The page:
Introduce an "ExpressibleByCase" protocol (to facilitate struct-based enums with payload)

Wouldn't your handler for synthetic cases also need to have a 30-way decider? And with less static information to help you.

The synthetic-case declaration doesn't match any current protocol requirement syntax. But since I suggested synthetic cases for both struct and class types, all three nominal kinds of types would support cases, and therefore we can add to protocols the ability to declare case requirements! Remember that nominal types would be able to add additional cases, so methods extending the protocol would need "@unknown default" conditions in their switch statements. Would that alleviate your concerns about moving around protocol extensions? I don't know what the parenthetical part of that quote means.

...

In another reply, I mention we could add an opaque EnumerationCase standard library type and a global func case<T>(of: T) -> EnumerationCase? to extract tags if you really want to have tag-only comparisons. With the type, I can retire the "match" block for synthetic cases and introduce a special method to get a case in hopefully less than linear time.

struct myStruct {
    /* Insert the actual members here */

    case mySingularCase { /*...*/ }
    case myPayloadCase(Int, whatever: Double) { /*...*/ }
    /* Insert more synthetic cases here */

    var as case: EnumerationCase? {
        if myFirstMember == 6 {
            return \.mySingularCase
        } else if mySecondMember.isEmpty {
            return \.myPayloadCase
        } /*...*/ else {
            // This will trigger the `@unknown default` condition on a `switch`.
            return nil
        }
    }
}

switch statements will generally require an @unknown default condition unless the compiler can see that every state of the product type is covered by a case.


I wasn't here at the start of Swift, so maybe those discussions did happen back then?

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Hey Daryl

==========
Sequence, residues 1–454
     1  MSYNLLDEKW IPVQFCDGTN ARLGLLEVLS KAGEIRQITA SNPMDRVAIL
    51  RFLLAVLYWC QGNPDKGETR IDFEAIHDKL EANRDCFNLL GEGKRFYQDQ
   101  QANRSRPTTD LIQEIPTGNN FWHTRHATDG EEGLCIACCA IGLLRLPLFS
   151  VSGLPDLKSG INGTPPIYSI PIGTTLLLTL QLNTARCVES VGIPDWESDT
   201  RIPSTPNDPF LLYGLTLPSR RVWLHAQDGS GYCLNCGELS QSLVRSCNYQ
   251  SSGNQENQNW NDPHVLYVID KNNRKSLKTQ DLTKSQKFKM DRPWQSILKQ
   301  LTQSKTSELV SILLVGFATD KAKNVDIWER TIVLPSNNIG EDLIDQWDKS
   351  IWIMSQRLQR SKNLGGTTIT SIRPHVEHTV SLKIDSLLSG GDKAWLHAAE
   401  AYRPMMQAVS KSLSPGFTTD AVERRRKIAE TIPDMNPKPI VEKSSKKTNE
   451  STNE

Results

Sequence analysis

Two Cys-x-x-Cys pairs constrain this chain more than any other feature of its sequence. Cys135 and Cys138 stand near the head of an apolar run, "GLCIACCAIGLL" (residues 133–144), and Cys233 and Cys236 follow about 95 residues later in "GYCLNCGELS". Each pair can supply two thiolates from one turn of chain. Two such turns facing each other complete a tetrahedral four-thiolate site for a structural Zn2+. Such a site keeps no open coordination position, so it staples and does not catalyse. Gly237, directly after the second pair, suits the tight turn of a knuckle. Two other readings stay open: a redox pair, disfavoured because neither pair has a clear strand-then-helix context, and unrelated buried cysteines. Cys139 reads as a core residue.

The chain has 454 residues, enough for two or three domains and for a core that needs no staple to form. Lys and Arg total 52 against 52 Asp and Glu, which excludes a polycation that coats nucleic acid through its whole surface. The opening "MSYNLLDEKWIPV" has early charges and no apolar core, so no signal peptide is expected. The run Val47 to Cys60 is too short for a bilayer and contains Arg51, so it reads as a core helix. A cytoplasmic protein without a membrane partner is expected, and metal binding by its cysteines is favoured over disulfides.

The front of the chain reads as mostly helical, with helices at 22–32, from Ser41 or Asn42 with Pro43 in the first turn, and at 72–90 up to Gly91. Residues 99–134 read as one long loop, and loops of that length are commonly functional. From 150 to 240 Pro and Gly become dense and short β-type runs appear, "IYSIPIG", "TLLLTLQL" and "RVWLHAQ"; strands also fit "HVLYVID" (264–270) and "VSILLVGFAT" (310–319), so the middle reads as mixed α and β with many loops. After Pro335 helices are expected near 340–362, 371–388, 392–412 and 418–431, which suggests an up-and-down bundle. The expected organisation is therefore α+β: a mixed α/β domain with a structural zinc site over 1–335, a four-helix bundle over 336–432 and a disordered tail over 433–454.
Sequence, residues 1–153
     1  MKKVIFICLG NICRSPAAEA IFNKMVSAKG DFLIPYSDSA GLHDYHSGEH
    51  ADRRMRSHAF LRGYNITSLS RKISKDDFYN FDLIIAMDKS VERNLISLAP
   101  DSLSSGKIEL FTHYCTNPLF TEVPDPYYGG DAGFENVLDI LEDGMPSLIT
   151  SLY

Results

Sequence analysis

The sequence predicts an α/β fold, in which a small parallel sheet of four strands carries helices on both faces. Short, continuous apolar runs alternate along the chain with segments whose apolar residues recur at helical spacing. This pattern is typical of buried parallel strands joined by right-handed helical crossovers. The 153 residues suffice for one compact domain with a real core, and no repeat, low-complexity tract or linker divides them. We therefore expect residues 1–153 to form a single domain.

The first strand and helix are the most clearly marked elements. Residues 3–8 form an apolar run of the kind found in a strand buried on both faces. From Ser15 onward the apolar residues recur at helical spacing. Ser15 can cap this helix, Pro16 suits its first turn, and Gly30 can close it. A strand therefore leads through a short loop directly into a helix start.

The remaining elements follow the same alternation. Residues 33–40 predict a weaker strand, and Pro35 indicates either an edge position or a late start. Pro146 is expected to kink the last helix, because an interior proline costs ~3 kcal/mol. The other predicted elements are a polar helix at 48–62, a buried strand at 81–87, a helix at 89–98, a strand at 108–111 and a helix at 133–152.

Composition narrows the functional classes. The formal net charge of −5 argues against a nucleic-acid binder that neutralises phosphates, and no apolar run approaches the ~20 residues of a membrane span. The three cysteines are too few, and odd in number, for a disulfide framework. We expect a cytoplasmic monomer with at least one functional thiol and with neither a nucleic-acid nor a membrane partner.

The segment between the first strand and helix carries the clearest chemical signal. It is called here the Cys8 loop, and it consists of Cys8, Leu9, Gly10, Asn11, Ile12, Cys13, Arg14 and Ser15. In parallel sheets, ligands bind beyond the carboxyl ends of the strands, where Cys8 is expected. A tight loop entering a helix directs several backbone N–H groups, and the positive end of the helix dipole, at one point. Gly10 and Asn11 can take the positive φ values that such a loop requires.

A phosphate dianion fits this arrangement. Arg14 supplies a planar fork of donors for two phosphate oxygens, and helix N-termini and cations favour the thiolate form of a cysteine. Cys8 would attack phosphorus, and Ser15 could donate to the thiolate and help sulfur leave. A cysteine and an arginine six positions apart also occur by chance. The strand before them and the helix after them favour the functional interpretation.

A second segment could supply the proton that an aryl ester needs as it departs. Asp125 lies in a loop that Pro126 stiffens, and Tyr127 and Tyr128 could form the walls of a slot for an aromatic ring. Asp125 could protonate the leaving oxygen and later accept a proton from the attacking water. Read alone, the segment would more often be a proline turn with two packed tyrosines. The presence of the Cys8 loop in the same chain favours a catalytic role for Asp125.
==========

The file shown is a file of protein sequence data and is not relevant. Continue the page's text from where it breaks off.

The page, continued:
I'm not so sure that is really the case.

From what I can see, the rationale behind enums-with-payload is that they kinda serve as adjectives. Eg: rather than hardcode hundreds of "shape" cases, create: shape(dimensions:1), shape(dimensions:2)... shape(dimensions:n).

But, in reality, payloads are much more useful (given Swift being strongly typed) as nouns. Eg: shape1D(x), shape2D(x,y), shape3D(x,y,z)

I don't know if I'm making any sense here, but, essentially, I think, the majority of the time, the only part of the enum the user wants to test is the case itself not the payload. In fact, using a switch statement to test the payload is, to my eye, messy. It is easier to read/write/understand code that does not deal with extracting/casting the payload within the switch statement itself (within the switch test, I mean, as opposed to handling it in statements within the body).

With the struct model I am currently using (which inspired me to post this proposal) it is possible to init with the payload as a Tuple**. This means, the init does little work other than store it as a member variable, and later, at the call-site, retrieve the stored Tuple. However, as you point out, the payload is indeed type-erased.

While this means the programmer has to manually check what the type of the payload is, if we built it into Swift, with the 'case' keyword, there would be many situations where, I imagine, the IDE could check what the payload of a variable has to be. Eg.

if mycase == .point2D { 
    /* IDE could refer to the cases declared in the struct, and 
       code-complete "let xy = mycase()" to suggest 
       "let xy: (x:Double,y:Double)? = mycase()" */ 
}

** (for every situation except where the case payload would need storage Tuple with a single and labelled value)

This is easy enough to do without changing the language, but I’m guessing this isShape() function is the “messy” part you want to avoid. How would you expect it to know if it is a shape or not in your perfect world?

enum Shapeish {
    case notAShape
    case shape1D(x: Int)
    case shape2D(x: Int, y: Int)
   
    func isShape() -> Bool {